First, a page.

|Paradigm||Multi-paradigm: functional, procedural, reflective, meta|
|Designed by||John McCarthy|
|Developer||Steve Russell, Timothy P. Hart, Mike Levin|
|Typing discipline||Dynamic, strong|
|Information Processing Language (IPL)|
Lisp (historically LISP, an acronym for list processing) is a family of programming languages with a long history and a distinctive, fully parenthesized prefix notation. Originally specified in 1960, Lisp is the second-oldest high-level programming language still in common use, after Fortran. Lisp has changed since its early days, and many dialects have existed over its history. Today, the best-known general-purpose Lisp dialects are Common Lisp, Scheme, Racket and Clojure.
Lisp was originally created as a practical mathematical notation for computer programs, influenced by (though not originally derived from) the notation of Alonzo Church's lambda calculus. It quickly became a favored programming language for artificial intelligence (AI) research. As one of the earliest programming languages, Lisp pioneered many ideas in computer science, including tree data structures, automatic storage management, dynamic typing, conditionals, higher-order functions, recursion, the self-hosting compiler, and the read–eval–print loop.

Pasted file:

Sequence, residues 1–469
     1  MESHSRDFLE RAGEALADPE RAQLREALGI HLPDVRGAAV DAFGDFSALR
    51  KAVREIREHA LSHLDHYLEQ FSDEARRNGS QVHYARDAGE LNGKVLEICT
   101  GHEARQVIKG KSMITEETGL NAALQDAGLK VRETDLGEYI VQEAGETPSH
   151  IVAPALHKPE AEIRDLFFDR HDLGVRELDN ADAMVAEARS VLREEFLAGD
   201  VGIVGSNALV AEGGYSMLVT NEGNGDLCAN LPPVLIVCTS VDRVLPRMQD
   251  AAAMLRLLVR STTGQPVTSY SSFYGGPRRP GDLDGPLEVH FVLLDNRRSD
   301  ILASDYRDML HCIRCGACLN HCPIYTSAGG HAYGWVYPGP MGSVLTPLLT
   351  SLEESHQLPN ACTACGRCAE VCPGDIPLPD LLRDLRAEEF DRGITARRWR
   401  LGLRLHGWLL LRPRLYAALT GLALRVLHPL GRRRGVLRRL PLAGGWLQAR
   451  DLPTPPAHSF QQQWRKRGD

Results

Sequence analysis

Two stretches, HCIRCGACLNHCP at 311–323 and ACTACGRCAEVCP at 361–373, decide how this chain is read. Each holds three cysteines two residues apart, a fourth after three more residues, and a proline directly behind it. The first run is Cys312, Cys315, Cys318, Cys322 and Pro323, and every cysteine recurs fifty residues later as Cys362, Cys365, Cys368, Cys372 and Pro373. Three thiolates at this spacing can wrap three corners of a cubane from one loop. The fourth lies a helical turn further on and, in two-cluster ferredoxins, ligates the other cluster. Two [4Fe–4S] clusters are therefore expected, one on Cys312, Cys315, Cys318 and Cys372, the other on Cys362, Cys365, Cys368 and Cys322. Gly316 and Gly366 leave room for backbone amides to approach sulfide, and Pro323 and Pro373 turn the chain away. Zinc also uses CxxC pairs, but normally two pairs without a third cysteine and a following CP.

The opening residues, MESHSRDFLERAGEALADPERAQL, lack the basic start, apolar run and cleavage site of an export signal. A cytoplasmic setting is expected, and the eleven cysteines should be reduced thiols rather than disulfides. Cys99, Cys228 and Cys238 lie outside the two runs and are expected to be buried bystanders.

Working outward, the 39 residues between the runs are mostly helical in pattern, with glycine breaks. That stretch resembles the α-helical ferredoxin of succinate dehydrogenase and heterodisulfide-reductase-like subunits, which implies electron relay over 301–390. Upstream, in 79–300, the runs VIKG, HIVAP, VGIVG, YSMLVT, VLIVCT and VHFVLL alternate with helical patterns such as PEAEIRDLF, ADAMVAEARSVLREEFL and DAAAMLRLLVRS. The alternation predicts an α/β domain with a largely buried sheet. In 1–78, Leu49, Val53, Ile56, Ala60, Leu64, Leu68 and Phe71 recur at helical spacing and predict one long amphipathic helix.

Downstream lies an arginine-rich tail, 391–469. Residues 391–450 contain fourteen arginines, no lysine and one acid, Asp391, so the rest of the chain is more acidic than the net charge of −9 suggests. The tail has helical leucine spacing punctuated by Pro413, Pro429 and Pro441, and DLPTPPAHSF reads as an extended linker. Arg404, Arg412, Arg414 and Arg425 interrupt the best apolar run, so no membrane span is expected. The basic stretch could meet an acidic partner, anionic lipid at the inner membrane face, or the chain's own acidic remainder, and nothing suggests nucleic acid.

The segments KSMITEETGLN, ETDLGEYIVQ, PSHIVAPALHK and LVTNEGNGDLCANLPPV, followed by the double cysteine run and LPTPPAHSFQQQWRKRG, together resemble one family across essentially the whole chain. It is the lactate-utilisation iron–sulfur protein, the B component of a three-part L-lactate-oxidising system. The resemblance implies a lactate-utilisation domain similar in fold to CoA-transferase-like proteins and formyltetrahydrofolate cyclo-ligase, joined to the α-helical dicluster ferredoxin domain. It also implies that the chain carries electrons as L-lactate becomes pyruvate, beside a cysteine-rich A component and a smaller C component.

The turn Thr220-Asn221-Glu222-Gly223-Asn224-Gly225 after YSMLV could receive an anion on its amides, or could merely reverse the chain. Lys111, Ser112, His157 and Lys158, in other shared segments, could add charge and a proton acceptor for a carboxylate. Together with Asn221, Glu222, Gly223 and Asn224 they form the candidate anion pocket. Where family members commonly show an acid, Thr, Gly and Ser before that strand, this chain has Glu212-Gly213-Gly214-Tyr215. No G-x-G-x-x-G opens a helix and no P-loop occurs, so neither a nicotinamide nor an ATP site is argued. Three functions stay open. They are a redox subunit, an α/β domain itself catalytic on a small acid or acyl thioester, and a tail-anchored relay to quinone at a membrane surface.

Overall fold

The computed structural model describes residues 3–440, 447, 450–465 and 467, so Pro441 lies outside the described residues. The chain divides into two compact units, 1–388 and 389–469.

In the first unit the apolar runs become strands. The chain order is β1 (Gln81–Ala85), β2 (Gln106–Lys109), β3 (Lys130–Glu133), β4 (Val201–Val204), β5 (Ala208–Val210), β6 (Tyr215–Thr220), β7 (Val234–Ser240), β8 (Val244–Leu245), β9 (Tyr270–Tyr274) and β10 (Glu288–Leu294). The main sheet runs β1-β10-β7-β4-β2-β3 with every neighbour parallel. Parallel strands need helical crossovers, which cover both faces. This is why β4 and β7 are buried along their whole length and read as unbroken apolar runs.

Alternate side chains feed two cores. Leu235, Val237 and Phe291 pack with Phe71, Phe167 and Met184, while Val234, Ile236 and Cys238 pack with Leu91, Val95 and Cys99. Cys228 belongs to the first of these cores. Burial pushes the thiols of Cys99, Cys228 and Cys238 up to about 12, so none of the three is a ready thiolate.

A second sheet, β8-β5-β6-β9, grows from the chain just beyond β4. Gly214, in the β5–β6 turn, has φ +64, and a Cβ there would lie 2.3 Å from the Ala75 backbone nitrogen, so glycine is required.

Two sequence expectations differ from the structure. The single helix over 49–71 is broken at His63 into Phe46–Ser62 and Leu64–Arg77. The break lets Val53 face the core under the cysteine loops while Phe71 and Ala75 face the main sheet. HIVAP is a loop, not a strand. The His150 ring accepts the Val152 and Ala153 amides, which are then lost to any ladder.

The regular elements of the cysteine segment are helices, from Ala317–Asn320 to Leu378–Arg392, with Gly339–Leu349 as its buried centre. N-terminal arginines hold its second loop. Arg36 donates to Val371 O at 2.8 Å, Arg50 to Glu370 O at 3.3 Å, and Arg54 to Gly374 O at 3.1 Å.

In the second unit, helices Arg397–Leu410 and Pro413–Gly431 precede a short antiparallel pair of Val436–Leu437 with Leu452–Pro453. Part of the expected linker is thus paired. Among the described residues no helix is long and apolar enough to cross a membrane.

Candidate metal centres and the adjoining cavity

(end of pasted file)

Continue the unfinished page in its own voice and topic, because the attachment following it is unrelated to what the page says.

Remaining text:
The name LISP derives from "LISt Processor". Linked lists are one of Lisp's major data structures, and Lisp source code is made of lists. Thus, Lisp programs can manipulate source code as a data structure, giving rise to the macro systems that allow programmers to create new syntax or new domain-specific languages embedded in Lisp.
The interchangeability of code and data gives Lisp its instantly recognizable syntax. All program code is written as s-expressions, or parenthesized lists. A function call or syntactic form is written as a list with the function or operator's name first, and the arguments following; for instance, a function
f that takes three arguments would be called as
(f arg1 arg2 arg3).
Lisp is a survivor, having been in use for about a quarter of a century. Among the active programming languages only Fortran has had a longer life.
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